• Seravi Harris

The Child

There’s a child trapped inside my father.

He yearns for validation. He cries to be understood. Like a child he’ll ask questions, he asks twice, sometimes three times, to be assured. He doesn’t want to disappoint.

“Must I do it now?”

“When is the absolute latest you’ll need it done by?”

“Can you remind me?”

and much to my mother’s dismay, he’ll ask (rather earnestly to his credit);

“Is it your top priority that I get it done or is it a more ‘meh’ kind of thing?”

His curiosity exceeds him. Excited by the most mundane events of his teenage daughters’ school-lives, he will demand every detail of our day. He will pause thoughtfully when he can’t keep up before insisting that we go back and help him understand. He finds it essential to be able to visualise the colourful pictures and white window-panes of our four-walled classrooms. He needs to live these moments, like when we learnt the nuanced history of Communism or roared with laughter after one of the boys shot quickly back at our teacher with “Okay Boomer” when a story that began with “back in the day…” had been attempted. The child inside softly repeats our stories over again and slips himself a private giggle each time.

He hides behind the curtains and underneath my bed. He’ll paint his face and plan his performance meticulously, careful not to reveal the blueprints of his attack. He sneaks up from behind, throws us over his shoulder before stretching out his soft hairy fingers to begin the merciless tickling. He’s often pleased by his successful attempts to catch our friends off guard with his sarcastic comments and unfiltered candour, and revels in the sight of their stupefied features. His humour is an acquired taste.

It is not rare that we find the dogs come trotting out of his bedroom with bow-ties and top-hats or lilac ribbons and painted nails. We often find him chuckling alone, thoroughly amused by his own existence or the asinine little puns he’s cleverly created out of his- ‘thin h(air)’.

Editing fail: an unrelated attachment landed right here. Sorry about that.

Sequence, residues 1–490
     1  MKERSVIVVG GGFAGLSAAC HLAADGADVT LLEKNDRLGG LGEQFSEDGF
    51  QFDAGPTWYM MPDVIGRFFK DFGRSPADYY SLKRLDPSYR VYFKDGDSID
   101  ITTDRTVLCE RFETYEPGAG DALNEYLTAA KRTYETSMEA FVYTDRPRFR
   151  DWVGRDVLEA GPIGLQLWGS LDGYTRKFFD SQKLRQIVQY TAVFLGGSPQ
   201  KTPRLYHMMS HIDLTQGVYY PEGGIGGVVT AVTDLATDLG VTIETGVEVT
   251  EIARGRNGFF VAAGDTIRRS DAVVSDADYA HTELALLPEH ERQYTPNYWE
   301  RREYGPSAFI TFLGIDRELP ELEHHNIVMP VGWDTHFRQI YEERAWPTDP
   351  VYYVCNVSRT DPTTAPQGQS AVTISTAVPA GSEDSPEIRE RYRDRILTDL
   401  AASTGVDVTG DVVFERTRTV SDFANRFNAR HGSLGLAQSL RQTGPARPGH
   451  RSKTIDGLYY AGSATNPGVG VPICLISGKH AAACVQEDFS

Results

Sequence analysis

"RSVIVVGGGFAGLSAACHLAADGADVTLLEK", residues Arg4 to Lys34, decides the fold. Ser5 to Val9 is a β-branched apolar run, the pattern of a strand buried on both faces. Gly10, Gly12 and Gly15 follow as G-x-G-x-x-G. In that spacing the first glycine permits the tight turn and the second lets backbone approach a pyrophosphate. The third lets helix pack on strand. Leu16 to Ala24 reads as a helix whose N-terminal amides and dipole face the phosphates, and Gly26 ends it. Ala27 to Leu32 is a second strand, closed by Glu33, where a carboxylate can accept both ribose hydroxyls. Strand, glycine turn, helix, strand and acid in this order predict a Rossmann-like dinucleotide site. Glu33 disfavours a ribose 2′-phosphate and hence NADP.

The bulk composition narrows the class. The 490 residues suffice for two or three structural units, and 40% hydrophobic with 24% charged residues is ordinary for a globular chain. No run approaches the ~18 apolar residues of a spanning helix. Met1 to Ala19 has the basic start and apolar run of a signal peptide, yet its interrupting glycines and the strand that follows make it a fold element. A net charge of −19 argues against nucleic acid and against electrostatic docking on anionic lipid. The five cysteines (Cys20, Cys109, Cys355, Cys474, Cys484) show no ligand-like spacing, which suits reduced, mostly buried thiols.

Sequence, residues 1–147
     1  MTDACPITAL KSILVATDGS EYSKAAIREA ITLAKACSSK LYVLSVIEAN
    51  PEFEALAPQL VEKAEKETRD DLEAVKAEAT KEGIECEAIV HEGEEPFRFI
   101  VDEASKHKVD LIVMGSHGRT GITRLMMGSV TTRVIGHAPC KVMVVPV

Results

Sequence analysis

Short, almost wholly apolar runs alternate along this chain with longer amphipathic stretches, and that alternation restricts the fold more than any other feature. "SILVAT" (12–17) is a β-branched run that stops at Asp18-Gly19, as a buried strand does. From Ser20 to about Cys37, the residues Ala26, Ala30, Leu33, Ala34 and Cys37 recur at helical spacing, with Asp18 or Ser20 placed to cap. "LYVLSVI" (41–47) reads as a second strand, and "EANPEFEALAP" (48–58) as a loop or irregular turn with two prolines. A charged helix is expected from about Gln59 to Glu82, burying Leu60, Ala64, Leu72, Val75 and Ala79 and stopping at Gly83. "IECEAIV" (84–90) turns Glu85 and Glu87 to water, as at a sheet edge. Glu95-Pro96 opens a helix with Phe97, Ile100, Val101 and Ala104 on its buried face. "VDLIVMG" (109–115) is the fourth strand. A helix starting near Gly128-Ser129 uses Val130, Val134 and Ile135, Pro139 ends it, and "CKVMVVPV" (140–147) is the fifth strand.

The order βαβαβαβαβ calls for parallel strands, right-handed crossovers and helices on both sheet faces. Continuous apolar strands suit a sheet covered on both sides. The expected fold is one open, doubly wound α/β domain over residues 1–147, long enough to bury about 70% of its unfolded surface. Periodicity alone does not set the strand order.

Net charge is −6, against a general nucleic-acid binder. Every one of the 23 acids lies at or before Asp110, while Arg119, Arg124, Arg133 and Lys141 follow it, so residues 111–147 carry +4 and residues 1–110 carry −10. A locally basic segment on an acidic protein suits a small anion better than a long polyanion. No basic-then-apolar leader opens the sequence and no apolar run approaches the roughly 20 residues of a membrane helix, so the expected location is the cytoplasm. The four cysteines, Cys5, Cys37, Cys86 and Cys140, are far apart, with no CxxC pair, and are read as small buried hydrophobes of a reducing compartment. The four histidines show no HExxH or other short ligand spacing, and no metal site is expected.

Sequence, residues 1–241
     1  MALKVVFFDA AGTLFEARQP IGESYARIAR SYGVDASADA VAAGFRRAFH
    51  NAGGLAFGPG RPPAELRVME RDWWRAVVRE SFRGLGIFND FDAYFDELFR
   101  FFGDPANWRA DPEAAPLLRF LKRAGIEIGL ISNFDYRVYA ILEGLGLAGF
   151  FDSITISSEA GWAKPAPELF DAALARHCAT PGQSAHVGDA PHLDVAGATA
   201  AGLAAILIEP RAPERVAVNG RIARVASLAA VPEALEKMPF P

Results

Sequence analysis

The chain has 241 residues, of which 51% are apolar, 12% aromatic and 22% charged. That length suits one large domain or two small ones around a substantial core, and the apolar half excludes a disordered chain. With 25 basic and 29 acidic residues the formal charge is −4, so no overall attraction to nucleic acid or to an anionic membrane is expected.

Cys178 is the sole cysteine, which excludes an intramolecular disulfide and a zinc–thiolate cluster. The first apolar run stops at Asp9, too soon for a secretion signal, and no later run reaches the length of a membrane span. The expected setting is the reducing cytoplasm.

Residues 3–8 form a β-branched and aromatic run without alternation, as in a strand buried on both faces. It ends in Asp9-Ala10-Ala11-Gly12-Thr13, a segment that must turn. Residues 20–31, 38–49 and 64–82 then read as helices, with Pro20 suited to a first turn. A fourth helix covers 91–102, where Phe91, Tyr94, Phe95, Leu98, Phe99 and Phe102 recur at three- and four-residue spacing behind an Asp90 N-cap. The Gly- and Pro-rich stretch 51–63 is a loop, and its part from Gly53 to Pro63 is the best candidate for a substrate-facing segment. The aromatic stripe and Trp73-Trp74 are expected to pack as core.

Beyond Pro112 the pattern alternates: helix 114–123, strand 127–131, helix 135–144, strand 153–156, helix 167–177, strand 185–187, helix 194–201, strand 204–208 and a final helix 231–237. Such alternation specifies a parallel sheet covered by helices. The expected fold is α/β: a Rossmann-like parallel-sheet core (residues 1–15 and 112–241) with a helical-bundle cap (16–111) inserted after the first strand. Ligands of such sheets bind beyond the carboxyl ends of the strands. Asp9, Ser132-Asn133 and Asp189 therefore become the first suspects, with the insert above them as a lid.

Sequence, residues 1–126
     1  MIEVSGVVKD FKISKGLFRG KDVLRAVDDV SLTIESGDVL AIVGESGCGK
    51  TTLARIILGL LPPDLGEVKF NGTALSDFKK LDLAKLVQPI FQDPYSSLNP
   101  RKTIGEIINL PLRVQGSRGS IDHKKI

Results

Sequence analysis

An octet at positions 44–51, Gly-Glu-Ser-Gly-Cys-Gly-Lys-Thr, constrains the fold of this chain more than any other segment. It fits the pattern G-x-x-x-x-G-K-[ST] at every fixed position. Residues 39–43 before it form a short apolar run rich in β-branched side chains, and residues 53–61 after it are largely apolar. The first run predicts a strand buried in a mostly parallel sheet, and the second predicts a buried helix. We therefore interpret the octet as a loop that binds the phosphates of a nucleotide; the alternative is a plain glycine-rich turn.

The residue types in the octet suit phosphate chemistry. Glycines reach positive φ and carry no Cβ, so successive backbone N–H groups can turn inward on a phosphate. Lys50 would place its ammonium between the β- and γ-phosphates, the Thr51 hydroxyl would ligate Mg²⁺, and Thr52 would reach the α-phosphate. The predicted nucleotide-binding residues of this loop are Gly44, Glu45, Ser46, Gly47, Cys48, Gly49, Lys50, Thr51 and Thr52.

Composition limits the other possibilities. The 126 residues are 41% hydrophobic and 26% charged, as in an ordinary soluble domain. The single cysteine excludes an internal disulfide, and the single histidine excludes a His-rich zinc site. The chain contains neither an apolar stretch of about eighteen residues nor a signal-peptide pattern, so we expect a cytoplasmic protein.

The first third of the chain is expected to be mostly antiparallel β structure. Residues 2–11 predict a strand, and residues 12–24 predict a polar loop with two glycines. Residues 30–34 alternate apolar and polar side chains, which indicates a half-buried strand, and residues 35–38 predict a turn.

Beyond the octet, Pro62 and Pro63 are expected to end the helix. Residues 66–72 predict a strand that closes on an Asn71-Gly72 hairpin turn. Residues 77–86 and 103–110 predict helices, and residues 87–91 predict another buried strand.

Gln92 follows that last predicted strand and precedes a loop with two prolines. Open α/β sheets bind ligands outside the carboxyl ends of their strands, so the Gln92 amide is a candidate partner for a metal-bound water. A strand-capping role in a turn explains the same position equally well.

The child will whistle a tune, which gradually progresses into a hum and gets lost amid the dreadfully tone-deaf voice of my father, who delights in his lack of harmony and sings past the forgotten lyrics, replacing them with his own. We subtly turn the radio on in our futile attempts to drown out his dissonant chords.

He’ll suddenly hear a phrase of a song and sing it incessantly, convincing us to remember it for him, eager to satisfy his memory and growing more frustrated with each repetition. But then he’ll stop, easily distracted and persuade us to play the newly released Bollywood songs or Ed Sheeran’s latest album, excitedly shouting,

“Play it again! Play it again!”

and then, satisfied, he’ll smile to himself and announce, “I like Ed,”—as if they have been best friends for years.

He retreats when introduced to the unknown. He’ll smile shyly and then place his solemn mask on for a while, before he inevitably interrupts the silence and begins his incessant chatter. In fear of what the silence holds, he rambles on, filling the empty voids. Most times he doesn’t even require an honest listener, just someone to sit beside him with their earphones plugged in while he appreciates the sound of his own voice.

There are times when we find him lonely, his eyes have just watered. When he is confronted by the realisation that all the other little children around him have grown up and he’s been left behind.

But worst of all, sometimes I find him broken, frustrated, the child slowly dying. When he looks in the mirror and watches as the unforgiving wrinkles fight to appear, his chestnut hair slowly thins and silvers, his vision begins to blur and his once light and lively limbs begin to tighten, the life pushed out of them to make room for the pain that overwhelms.